Top Justice Department officials in the Carter administration considered prosecuting CIA personnel for civil rights violations against renegade CIA officer Philip Agee, according to documents filed in federal court here yesterday.
The records indicated that the idea was rejected primarily because of sensitivity of the disclosures that would have to be made.
Agee's lawyers submitted the heavily sanitized documents to U.S. District Court Judge Gerhard A. Gesell in an effort to win reinstatement of Agee's freedom-of-information lawsuit against the CIA.
They said the documents, obtained as a result of their continuing litigation against the Justice Department, showed "without any possibility of contradiction that the CIA's activities against Mr. Agee were so serious that the Department of Justice conducted an investigation to determine if CIA personnel should be prosecuted."
The lawyers, Melvin L. Wulf and William Schaap, added that "what those activities might have been are left to our imagination," but they said they felt sure "they would not consist of such everyday CIA activities such as physical and electronic surveillance or interception of Mr. Agee's mail."
A CIA spokesman said the agency would have no comment.
One knowledgeable source, however, insisted that the speculation of Agee's lawyers about "activities intended to do physical harm" was exaggerated.
"It was what they would call run-of-the-mill stuff, possible electronic surveillance and consideration of physical searches of Agee's premises overseas . . . yes, black-bag jobs. They thought they were stopping more agents from being exposed."
A former CIA officer who quit the agency in 1968 and is now one of its most outspoken enemies, Agee, who now lives in Hamburg, has made a career of exposing the names of CIA personnel and attacking its methods.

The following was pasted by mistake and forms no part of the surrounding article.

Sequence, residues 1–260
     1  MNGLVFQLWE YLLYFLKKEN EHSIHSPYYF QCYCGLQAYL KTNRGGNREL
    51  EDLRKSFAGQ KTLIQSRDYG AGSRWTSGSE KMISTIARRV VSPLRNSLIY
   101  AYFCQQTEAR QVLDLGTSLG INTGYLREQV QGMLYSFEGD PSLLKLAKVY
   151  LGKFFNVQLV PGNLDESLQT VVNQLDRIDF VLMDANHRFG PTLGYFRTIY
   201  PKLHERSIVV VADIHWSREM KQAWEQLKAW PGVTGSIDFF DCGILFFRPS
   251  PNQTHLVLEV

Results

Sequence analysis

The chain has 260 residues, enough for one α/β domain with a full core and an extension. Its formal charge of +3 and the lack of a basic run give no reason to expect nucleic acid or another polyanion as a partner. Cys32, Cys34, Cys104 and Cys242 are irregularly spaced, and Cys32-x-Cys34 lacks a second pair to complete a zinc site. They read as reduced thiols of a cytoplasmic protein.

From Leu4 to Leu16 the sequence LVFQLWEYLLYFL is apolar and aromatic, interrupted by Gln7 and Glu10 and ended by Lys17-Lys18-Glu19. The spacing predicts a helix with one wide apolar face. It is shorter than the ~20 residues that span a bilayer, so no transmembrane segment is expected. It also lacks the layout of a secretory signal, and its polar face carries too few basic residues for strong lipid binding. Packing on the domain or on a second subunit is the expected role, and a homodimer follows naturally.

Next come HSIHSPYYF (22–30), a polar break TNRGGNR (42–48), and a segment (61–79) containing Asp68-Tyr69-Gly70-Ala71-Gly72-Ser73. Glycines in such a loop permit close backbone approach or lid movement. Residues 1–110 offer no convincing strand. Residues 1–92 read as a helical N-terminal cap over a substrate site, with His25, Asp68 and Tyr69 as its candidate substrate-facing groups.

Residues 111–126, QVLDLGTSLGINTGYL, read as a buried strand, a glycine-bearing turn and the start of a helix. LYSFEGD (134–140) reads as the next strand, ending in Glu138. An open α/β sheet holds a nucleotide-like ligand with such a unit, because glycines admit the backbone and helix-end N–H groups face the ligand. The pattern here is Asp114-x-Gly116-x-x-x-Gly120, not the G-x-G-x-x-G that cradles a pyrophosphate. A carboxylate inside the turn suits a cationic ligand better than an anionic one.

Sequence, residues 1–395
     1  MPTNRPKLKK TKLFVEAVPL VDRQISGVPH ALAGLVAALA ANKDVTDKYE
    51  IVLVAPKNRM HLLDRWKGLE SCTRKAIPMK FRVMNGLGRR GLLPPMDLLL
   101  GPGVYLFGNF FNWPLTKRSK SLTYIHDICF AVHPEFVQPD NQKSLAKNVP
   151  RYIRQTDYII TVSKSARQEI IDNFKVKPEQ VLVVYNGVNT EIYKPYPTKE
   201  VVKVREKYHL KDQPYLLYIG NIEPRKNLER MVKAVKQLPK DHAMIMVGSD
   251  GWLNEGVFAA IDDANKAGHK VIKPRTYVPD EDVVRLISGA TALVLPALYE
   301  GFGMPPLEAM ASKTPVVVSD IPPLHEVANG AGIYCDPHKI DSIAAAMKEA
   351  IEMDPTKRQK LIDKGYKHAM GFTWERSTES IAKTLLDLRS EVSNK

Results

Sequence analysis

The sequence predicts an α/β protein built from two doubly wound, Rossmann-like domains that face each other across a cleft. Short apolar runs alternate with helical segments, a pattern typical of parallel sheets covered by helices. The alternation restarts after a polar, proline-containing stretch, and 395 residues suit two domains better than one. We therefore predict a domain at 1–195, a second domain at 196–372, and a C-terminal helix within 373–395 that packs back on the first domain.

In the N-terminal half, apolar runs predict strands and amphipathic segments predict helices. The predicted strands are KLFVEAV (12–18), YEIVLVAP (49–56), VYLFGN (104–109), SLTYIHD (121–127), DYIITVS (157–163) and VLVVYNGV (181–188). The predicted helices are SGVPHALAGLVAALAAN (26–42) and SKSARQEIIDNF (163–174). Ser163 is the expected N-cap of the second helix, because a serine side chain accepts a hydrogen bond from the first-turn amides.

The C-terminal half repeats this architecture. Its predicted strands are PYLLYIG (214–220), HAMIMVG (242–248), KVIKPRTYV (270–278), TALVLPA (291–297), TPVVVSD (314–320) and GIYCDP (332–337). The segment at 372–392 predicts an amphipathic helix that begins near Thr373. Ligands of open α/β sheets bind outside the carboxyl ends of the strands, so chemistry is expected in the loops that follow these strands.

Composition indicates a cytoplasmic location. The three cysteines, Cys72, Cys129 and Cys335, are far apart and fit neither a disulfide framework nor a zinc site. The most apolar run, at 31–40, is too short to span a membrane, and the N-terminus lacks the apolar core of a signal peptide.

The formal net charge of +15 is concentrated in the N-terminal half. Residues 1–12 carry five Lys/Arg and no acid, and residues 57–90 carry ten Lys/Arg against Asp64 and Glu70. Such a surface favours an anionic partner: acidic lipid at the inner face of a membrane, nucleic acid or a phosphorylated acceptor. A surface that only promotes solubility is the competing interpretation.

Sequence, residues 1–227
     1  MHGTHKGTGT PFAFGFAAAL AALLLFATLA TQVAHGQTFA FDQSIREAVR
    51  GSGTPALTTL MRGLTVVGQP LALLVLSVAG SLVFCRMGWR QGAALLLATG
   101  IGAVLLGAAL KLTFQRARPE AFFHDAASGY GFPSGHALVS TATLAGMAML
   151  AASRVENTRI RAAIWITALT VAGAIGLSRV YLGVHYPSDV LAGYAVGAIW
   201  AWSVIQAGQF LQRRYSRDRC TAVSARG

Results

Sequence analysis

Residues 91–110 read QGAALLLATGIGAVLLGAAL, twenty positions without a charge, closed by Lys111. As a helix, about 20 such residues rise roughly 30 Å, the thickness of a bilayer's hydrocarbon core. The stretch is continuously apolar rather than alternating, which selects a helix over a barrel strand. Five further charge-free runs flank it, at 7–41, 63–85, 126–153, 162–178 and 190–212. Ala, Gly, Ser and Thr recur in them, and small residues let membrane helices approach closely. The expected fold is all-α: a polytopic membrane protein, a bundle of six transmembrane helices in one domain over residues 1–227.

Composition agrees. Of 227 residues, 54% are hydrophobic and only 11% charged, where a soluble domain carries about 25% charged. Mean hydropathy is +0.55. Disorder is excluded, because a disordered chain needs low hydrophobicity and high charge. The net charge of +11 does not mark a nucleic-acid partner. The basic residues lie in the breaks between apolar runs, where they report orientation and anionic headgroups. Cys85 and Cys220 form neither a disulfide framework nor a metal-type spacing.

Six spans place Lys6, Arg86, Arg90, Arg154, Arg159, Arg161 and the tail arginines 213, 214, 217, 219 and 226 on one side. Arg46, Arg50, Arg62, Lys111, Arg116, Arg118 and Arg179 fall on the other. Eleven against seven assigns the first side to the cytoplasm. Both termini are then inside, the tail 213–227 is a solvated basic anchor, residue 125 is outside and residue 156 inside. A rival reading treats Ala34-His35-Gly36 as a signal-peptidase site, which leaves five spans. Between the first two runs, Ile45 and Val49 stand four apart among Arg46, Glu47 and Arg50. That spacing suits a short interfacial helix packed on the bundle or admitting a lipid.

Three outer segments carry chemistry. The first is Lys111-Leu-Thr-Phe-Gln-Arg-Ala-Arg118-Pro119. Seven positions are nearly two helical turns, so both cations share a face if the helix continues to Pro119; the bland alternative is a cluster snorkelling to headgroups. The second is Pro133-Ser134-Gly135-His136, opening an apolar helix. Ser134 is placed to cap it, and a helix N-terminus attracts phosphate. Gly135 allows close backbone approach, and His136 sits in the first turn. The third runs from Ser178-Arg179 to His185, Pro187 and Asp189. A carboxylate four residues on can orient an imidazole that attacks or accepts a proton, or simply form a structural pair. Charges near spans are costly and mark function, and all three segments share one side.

The government has listed numerous occasions between 1971 and mid-1978 when Agee identified more than 160 alleged CIA officers operating in countries from Australia to Switzerland.
He filed his freedom-of-information suit against the CIA and other government agencies in December, 1979, primarily, he has said, to find out details about what he called "a massive violation of my civil and constitutional rights."
In July, however, Gesell dismissed the CIA as a defendant after conducting a random in camera inspection of the agency's records on Agee. In Gesell's ruling he said he could not resolve the question of whether "some kind of illegality may have occurred," but he said he was "entirely satisfied . . . that no [FOIA] exemption is being claimed as a pretext to conceal misconduct."
Lawyers Wulf and Schaap, the latter of whom is co-editor of the anti-CIA publication "Covert Action Information Bulletin," contended that the documents they got from the Justice Department this month indicated that "very serious misconduct" was being concealed and that "the court itself must consider whether it has not been misled by the CIA and the Department of Justice."
One document dated only "8/21," evidently prepared when the Justice Department was still contemplating prosecution of Agee, concluded that "prosecution is impossible without disclosing the illegal acts."
Another, dated Jan. 19, 1977, from the attorney general to Robert L. Keuch, the deputy assistant in charge of the Criminal Division, said:
"My understanding is that the Criminal Division is investigating whether the activities of the CIA involved any criminal violation and is also considering referring the matter to the Civil Rights Division."
The same question, "whether to prosecute CIA officials for civil rights violations against Philip Agee," was mentioned again in a Jan. 16, 1978, memo from Drew S. Days, then assistant attorney general in charge of civil rights, to then acting deputy attorney general Benjamin R. Civiletti.
Still another document, dated April 14, 1978, from the Justice Department's internal security section, reaffirms the earlier decision not to prosecute Agee, even in light of his "latest activities," because of the fact that "Agee could still discover information which the CIA has informed us cannot be revealed . . . ."